Data-driven smart technology has tremendous benefits for the people who own, manage, maintain, and occupy commercial buildings. But OEMs and PropTech also have much to gain from data infrastructure monitoring and alerting. And it begins with secure integration.
Maintaining healthy indoor environments requires intelligent building maintenance strategies. This means looking beyond a single building system or method and understanding the four phases of planned maintenance. So, what are the four phases of planned maintenance? By exploring the answer, you can develop better, more efficient building maintenance practices.
Building maintenance has traditionally relied on time-based inspections, with older equipment receiving more frequent intervention. But only 18% of equipment failures occur due to age. For the 82% of failures that cannot be attributed to age, time-based maintenance inspections offer little value and waste time.
Occupancy forecasting in office buildings has historically been performed to reduce energy use and increase efficiency. Then came Covid-19, which repositioned occupancy forecasting as a valuable health and safety strategy. Today, forecasting technology is playing a central role in bringing employees back to the workplace while redefining what the workplace looks like. Investing in smart building management platforms that combine occupancy forecasts and predictive maintenance well-positions the workplace to accommodate changing needs and create healthy spaces where businesses flourish.
Ventilation plays a vital role in ensuring plants are strong and healthy. For commercial cannabis growers, it’s also key to producing better quality and higher yields. Automating commercial cannabis ventilation takes the guesswork out of indoor grows and optimizes crop development at every stage. But it takes the right strategy to truly succeed.
Since 2020, there has been unprecedented interest in making buildings healthier and safer. At a time when the future of commercial buildings is uncertain, the ongoing conversations about what constitutes a healthy building and how to create it are particularly important. Many companies are developing hybrid work models where employees alternate between working remotely and onsite. This reimagining of the workplace is revolutionizing the way we use office space.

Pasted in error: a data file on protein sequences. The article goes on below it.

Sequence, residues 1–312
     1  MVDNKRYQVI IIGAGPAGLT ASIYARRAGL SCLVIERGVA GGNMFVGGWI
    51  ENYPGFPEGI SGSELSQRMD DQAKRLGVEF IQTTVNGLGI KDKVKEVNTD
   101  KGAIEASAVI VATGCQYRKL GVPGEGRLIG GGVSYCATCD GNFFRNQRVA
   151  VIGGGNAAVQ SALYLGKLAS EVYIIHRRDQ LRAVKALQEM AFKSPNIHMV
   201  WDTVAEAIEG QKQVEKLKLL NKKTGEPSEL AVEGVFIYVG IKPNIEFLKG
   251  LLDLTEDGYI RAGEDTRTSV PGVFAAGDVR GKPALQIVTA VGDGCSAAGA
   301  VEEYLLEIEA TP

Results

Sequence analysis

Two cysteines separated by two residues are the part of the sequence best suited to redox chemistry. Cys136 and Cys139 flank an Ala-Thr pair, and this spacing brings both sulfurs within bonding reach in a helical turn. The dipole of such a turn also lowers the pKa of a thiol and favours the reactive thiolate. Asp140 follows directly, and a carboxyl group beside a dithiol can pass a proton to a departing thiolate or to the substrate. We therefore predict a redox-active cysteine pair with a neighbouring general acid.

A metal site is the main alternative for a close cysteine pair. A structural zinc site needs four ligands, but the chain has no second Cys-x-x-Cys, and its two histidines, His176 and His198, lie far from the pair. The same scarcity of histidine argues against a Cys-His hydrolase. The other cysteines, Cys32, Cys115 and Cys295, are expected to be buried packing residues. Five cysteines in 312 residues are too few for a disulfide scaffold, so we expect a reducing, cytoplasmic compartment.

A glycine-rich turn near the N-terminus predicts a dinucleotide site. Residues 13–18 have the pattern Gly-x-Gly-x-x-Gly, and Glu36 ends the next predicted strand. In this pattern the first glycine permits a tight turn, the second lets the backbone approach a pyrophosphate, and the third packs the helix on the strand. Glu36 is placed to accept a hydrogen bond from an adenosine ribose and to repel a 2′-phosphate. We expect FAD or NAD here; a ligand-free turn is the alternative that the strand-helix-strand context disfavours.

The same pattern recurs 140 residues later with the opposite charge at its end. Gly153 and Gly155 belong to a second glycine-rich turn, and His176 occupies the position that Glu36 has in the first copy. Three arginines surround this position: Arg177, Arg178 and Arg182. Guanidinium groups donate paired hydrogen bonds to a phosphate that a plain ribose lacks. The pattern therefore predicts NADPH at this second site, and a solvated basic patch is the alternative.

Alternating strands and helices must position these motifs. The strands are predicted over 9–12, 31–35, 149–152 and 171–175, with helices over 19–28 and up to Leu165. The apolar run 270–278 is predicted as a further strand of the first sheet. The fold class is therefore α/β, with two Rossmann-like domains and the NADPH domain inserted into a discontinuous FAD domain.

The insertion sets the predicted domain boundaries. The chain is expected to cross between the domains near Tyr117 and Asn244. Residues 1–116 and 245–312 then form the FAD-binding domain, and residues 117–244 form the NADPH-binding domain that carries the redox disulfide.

Network outages often occur at the most inopportune times. Whether due to hardware or software malfunctions, human error, natural disasters, or cyberattacks, unplanned downtime is costly for any business.
The link between indoor air quality and productivity in the workplace is becoming increasingly clear. While researchers have long understood how fine particulate matter (2.5 microns in diameter or less) and other pollutants are able to infiltrate buildings, research has typically not dealt with their effects on the human brain until recently. Now, that is changing, and new knowledge is shaping the way buildings behave.
A smart building is a dynamic entity with interconnected components constantly communicating with each other, sharing data, and responding to real-time and anticipated needs. Each smart building ecosystem can be tailored to specific users and unique goals, but there are some key components all successful smart buildings share. Understanding the role of these components and the benefits they provide can help you choose the right technologies for your building.
Building maintenance has advanced significantly since the beginning of the 21st century. Facility managers traditionally looked at maintenance issues from a corrective perspective, responding to tenant complaints or unforeseen equipment failures as they occurred. While certain critical building equipment was routinely inspected according to manufacturer recommendations, this was largely time-based rather than condition-based maintenance.